The financial crisis of 2008 was not caused by investment banks betting against the housing market in 2007. It was caused by the fact that too few investors – including all of the big investment banks – bet too heavily on the housing market in the years before 2007.
This nation is like a spring freshet; it overruns its banks and destroys all who are in its path.
Central banks don’t have divine wisdom. They try to do the best analysis they can and must be prepared to stand or fall by the quality of that analysis.
MARY KAY ASH
Like many other banks and finance companies, Green Tree used a process called securitization to resell its home loans to outside investors. Green Tree grouped thousands of these small loans into a pool worth hundreds of millions of dollars.
I remember Tyra Banks giving me encouraging advice during my first Victoria’s Secret commercial shoot. I was so nervous, and she told me to just relax and be confident – that made me feel very comfortable.
But if you want to continue to be slaves of the banks and pay the cost of your own slavery, then let bankers continue to create money and control credit.
At its core, bitcoin is a smart currency designed by very forward-thinking engineers. It eliminates the need for banks, gets rid of credit card fees, currency exchange fees, money transfer fees, and reduces the need for lawyers in transitions… all good things.
Nobody had a credit card when I was a kid. No one had credit card debt. But these big companies and banks wanted to know how to get more money out of people – get them charging things.
Banks were once places to hold money and were very careful in lending to finance families as they built a future – bought homes, bought cars, took out student loans.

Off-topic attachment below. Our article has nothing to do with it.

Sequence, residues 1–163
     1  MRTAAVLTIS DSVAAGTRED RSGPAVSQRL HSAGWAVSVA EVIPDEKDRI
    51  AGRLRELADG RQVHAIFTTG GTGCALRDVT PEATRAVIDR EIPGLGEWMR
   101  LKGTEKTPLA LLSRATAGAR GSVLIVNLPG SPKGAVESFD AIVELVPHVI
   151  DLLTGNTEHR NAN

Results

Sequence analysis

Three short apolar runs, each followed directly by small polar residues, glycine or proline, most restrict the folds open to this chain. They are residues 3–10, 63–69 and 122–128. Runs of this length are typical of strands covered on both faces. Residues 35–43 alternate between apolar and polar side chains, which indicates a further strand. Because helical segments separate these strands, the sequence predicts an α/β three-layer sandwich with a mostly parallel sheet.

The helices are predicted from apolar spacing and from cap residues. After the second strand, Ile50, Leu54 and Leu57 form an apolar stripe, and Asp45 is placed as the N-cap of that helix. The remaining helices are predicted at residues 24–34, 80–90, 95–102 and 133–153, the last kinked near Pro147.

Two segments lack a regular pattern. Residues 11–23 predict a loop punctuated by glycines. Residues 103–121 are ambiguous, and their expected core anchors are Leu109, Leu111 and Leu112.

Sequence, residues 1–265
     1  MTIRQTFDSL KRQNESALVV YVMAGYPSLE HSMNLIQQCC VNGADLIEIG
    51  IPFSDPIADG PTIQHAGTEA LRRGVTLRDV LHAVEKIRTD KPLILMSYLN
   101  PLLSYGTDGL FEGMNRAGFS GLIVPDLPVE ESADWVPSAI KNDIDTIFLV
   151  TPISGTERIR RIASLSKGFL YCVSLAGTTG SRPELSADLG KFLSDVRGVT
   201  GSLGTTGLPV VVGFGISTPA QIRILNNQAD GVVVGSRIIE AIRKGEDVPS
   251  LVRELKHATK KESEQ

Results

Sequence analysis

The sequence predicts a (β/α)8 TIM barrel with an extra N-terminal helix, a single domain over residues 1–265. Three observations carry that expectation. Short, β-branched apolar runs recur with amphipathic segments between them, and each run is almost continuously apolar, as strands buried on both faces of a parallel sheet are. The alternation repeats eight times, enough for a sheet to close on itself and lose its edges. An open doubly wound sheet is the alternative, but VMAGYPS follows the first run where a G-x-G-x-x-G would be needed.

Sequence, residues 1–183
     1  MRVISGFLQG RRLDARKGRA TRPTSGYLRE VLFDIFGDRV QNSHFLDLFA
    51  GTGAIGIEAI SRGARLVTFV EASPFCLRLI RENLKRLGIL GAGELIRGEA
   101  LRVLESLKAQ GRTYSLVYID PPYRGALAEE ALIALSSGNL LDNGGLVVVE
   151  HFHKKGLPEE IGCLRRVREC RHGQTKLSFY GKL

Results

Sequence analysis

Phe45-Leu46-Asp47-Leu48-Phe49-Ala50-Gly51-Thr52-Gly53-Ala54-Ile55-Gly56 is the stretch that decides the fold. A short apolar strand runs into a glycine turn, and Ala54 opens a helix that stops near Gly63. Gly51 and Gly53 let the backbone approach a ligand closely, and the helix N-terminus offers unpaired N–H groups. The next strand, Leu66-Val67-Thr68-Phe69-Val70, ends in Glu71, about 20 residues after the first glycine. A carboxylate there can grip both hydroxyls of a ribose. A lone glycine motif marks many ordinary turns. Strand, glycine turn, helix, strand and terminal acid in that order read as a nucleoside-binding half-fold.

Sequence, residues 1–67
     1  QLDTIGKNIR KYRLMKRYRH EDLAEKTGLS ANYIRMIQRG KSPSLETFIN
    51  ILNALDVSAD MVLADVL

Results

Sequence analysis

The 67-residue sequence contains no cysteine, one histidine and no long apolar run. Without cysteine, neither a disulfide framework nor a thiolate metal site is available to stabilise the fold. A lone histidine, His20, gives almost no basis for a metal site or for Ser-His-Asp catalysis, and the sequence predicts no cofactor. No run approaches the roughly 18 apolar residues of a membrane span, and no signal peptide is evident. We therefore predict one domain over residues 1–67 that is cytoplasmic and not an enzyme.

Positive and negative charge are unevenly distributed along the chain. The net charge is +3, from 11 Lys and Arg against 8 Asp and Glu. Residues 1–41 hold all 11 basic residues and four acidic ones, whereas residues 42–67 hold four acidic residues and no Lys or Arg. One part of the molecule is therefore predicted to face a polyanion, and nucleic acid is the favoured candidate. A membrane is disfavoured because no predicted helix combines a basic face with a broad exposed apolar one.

In several sections, both natural in the banks of the Mississippi and its numerous arms, and where artificial canals had been cut, I observed erect stumps of trees, with their roots attached, buried in strata at different heights, one over the other.
I have always been afraid of banks.
Investment banking has, in recent years, resembled a casino, and the massive scale of gambling losses has dragged down traditional business and retail lending activities as banks try to rebuild their balance sheets. This was one aspect of modern financial liberalisation that had dire consequences.
Governance is complex, difficult, and on the whole, thankless – why ever should the Bright Young Things leave the management of their hotels, newspapers, banks, TV channels and corporations to join, like fleas on a behemoth, the government? Wherein lies the difference between the two worlds?
Wall Street, the banks, and corporate America, has been able to call the shots here. They control our members of Congress and they get what they want.
Having contemplated this admirable grove, I proceeded towards the shrubberies on the banks of the river, and though it was now late in December, the aromatic groves appeared in full bloom.
Banks properly established and conducted are highly useful to the business of the country, and will doubtless continue to exist in the States so long as they conform to their laws and are found to be safe and beneficial.
MARTIN VAN BUREN
We need to increase the transparency of shadow banking markets so that authorities can monitor for signs of excessive leverage and unstable maturity transformation outside regulated banks.